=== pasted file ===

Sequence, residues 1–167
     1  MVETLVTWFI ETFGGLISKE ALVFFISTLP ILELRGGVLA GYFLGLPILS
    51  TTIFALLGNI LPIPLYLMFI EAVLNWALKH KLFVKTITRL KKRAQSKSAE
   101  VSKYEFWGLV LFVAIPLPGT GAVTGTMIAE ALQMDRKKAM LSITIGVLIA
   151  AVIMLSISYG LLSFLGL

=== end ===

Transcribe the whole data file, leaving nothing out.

Sequence, residues 1–167
     1  MVETLVTWFI ETFGGLISKE ALVFFISTLP ILELRGGVLA GYFLGLPILS
    51  TTIFALLGNI LPIPLYLMFI EAVLNWALKH KLFVKTITRL KKRAQSKSAE
   101  VSKYEFWGLV LFVAIPLPGT GAVTGTMIAE ALQMDRKKAM LSITIGVLIA
   151  AVIMLSISYG LLSFLGL